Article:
On the web, I’ve played with a few applications and have found Strict Workflow to be the best tool to help here. Strict Workflow is a Chrome extension that blocks your access through your Chrome browser based on a timer. When the timer is active you can’t access those sites, when you are on break you can. The only way to override the change once it is active is to uninstall the extension.

Uninstalling the extension is akin to walking across the room to pick up my phone. If I were to uninstall the program while it was active I would feel that pang of guilt again asking me, questioning me whether going onto Facebook was worth not achieving my goal. And the internal follow-up question to that?  Do you really not have 30 minutes to spend on this goal?

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And I would figuratively hang my head in shame and mumble to myself – yes I do – and get back to it.

Guilt isn’t the greatest emotion in the world, but when it is used to get you back to what you need to be doing, it can be quite effective.

You are doing too much

Even after you’ve taken away all those distractions, you might start to find something still holding you back. It might be a subtle hold, perhaps more akin to a tug at your heart, it will come and go but will always be there… nagging you… pulling you down… holding you back… distracting you from your real purpose.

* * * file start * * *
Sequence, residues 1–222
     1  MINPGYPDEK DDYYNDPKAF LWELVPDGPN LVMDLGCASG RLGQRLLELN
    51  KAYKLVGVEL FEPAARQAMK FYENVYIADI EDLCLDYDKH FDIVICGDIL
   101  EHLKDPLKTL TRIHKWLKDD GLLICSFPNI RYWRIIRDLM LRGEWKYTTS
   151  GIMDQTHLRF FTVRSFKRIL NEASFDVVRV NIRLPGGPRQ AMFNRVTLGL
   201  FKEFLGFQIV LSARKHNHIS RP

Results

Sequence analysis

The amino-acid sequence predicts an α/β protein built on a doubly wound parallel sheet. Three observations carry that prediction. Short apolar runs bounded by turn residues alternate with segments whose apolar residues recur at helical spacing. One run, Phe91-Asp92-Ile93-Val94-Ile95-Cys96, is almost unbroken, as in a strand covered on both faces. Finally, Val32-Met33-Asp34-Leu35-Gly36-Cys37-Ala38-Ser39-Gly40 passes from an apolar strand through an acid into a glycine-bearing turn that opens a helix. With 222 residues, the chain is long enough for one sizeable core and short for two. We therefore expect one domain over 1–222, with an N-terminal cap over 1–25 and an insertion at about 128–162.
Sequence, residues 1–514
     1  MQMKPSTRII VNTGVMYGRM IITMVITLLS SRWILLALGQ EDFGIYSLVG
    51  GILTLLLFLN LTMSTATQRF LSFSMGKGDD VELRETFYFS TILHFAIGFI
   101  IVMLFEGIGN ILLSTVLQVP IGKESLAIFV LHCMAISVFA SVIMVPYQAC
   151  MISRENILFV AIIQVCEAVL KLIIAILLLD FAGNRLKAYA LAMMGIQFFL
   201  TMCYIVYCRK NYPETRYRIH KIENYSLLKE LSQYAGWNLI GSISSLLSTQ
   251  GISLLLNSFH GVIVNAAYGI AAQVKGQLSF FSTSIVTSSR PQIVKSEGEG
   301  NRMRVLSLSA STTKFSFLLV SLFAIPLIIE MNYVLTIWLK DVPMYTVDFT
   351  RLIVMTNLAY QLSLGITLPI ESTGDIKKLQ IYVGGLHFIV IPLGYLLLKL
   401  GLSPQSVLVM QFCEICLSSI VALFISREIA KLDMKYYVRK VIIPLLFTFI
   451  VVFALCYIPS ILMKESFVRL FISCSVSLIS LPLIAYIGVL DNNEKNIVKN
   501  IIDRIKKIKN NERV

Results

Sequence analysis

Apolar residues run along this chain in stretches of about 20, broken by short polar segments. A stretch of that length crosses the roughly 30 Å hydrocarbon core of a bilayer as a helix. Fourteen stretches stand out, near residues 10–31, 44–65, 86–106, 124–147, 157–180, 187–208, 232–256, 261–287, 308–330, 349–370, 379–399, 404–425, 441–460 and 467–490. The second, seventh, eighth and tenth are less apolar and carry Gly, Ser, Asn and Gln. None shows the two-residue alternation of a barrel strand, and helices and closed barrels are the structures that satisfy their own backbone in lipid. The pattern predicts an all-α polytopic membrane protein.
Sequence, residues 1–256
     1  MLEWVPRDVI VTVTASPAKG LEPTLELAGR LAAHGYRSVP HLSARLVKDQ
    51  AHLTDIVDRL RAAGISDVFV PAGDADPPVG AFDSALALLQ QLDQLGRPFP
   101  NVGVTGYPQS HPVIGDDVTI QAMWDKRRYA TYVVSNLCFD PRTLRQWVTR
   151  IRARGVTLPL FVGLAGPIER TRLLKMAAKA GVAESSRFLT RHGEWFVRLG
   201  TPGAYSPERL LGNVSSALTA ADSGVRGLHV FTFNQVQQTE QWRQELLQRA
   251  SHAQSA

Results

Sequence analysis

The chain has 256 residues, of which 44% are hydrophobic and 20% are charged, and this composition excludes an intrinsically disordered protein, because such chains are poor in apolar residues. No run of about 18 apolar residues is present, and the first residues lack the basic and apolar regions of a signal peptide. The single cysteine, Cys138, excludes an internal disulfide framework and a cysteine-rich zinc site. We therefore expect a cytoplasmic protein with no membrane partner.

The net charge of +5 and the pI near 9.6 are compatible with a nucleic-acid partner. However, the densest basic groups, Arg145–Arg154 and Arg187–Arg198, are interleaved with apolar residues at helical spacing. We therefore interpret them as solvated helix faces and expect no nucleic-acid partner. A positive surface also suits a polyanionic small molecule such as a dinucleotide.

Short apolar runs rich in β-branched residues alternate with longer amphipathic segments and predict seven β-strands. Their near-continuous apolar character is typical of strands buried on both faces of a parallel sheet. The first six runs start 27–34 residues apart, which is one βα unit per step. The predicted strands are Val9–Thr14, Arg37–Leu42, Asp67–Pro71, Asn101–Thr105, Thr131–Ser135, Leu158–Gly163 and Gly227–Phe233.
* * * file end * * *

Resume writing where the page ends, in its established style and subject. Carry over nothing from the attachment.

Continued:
What is it?  One of your goals, maybe all of them?  Perhaps you have too much on the go?

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This is the hard choice that many people struggle with, as we want to accomplish so much in our lives.  But we need to make hard choices to move forward in life and this sometimes involves dropping the goals that are holding us back. These are the secondary goals on our plate that we simply aren’t going to achieve.  I recently had to make this decision. I had a couple of technical blogs that were languishing. I had not been writing in one of them for a year. Every few weeks I would remind myself of this fact to the point where it would become this 30 – 45 min conversation about how I could do it, what would I write about, where would I find the time, etc, etc, but then never do anything.

So I removed the distractions.